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"Screwing Their Brains Out": Plato's Retreat and the Rise of Swinging

A new film about Plato's Retreat shows how the swinger's club helped challenge gender stereotypes and regressive ideas about sex.

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Some Plato’s habitués were concerned that they be perceived as "normal." One big-haired woman in vintage footage insists, "We all have jobs, we all pay mortgages, just because we’re swingers, we’re not freaks of nature." A couple of others pass judgment on the $25 all you can eat buffet: Annie lists the options as if they’re grand (chicken, lasagna, potato salad, chow mein), while Fred Lincoln, who took over the club when Levenson went to prison on tax charges, says the food was "horrible." Still, food wasn’t much on the mind of most attendees; there was too much else to do and see. Photographer Donna Ferrato (who calls herself a "shy girl from Ohio") says on her first night at Plato’s, she jumped into the pool and swam the length, only to come up and see a line of men "all jerking off, coming in an arc over the pool." She smiles, looking vaguely shy. "That is one of my biggest regrets, that I didn’t get that picture."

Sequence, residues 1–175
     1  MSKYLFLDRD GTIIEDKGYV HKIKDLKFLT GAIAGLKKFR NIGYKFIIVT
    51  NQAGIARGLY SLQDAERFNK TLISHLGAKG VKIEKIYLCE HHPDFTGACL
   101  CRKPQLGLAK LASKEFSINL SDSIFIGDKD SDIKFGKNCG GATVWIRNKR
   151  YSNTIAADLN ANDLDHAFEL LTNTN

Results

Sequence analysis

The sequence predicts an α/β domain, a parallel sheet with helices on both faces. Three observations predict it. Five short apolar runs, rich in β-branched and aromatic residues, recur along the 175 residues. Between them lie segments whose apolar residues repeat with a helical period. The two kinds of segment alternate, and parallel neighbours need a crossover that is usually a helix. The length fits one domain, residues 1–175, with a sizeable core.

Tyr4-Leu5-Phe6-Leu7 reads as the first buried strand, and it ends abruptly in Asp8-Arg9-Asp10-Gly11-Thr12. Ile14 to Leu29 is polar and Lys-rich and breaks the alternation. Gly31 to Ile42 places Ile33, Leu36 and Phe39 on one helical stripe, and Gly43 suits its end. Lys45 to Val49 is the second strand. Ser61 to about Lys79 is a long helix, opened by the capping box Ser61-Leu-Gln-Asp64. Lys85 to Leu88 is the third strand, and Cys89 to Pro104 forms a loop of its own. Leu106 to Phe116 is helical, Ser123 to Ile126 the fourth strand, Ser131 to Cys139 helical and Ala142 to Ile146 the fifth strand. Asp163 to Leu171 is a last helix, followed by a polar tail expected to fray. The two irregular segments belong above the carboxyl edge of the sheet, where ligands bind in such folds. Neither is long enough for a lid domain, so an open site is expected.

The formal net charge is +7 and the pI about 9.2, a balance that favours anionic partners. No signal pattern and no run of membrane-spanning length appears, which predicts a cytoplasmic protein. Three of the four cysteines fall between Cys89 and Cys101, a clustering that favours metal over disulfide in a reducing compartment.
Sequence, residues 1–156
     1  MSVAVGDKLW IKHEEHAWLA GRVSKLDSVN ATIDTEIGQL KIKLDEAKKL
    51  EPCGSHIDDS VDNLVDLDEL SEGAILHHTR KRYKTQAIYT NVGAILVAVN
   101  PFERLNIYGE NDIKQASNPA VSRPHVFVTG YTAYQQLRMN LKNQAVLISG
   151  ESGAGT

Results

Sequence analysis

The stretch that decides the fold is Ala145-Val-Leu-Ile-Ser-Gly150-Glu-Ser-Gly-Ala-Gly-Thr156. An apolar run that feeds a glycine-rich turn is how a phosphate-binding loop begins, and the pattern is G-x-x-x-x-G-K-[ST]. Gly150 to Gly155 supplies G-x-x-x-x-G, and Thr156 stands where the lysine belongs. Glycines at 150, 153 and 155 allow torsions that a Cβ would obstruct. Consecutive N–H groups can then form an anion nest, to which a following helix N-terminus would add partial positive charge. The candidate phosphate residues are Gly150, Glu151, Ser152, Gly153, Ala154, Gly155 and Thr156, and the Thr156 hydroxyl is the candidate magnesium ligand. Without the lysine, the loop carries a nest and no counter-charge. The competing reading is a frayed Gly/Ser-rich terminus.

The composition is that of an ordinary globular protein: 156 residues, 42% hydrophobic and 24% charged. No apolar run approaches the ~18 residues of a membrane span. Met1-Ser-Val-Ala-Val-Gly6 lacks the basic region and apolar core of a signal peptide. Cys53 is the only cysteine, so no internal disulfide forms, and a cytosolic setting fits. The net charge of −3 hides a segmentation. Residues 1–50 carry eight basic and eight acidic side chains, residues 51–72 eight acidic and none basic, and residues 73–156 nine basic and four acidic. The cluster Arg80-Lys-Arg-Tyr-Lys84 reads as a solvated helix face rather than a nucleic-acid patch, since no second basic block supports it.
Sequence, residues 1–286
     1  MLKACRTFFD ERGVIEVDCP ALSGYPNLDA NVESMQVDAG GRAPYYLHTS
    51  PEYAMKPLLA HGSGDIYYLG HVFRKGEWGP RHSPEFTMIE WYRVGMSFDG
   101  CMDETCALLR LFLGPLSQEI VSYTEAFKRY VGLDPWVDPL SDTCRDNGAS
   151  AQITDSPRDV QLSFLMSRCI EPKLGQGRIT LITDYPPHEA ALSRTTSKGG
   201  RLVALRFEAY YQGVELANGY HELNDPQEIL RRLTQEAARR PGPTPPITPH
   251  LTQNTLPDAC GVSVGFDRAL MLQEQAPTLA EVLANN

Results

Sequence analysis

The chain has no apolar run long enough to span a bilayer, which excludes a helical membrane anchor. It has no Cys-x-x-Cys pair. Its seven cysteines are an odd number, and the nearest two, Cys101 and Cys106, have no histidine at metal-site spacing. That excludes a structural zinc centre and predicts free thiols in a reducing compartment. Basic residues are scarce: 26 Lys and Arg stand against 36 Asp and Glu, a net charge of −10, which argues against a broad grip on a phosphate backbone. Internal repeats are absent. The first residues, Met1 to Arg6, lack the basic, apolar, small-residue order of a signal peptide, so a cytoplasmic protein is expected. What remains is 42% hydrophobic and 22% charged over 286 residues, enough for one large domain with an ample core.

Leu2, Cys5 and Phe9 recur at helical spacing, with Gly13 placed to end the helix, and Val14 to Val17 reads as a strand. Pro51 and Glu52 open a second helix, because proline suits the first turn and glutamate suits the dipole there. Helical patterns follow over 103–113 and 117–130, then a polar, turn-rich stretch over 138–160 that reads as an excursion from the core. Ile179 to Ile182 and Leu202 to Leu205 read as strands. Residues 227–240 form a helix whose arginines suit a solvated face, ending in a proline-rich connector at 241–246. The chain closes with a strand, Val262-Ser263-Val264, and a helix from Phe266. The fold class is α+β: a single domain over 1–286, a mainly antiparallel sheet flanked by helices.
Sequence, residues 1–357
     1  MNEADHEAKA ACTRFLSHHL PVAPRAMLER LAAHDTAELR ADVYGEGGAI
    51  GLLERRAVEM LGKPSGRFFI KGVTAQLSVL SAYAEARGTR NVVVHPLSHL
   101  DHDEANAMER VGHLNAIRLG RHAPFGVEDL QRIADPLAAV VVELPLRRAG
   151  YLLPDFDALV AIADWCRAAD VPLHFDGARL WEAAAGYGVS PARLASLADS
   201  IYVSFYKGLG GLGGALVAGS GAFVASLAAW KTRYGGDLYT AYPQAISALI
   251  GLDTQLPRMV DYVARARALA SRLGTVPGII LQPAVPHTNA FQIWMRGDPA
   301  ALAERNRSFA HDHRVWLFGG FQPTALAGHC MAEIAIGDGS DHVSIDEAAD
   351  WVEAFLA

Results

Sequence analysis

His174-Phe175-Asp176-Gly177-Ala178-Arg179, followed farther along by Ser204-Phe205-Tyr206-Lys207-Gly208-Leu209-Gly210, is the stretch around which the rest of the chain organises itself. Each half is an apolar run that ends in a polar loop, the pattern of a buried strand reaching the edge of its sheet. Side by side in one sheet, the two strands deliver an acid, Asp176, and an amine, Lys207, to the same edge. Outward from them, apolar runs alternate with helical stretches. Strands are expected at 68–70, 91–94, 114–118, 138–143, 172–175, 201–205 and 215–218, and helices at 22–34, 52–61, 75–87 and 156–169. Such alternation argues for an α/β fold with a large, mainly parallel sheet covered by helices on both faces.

If the scene was lively -- or at least arresting -- Levenson was less compelling. Screw magazine editor Al Goldstein puts it bluntly, saying that Levenson "was boring. His whole world was sex. His world was genitalia. He never read a book, he never had a thought." The film winds down as films like this tend to do, with the sad story of Levenson’s fall (he ended his life doing crack, having heart trouble, and driving a cab), Mary’s institutionalization, and the end of sex in the ‘80s. A speech snippet by Ronald Reagan signals the world-changing consequences of AIDS, and with that, the "revolution" of Plato’s Retreat and the gay clubs it emulated was over. Still, a customer named Betty insists, "I’m an old lady with no regrets because that period was very special." American Swing does well to recover even a little of that. 

Cynthia Fuchs is Popmatters' film and TV editor.

 
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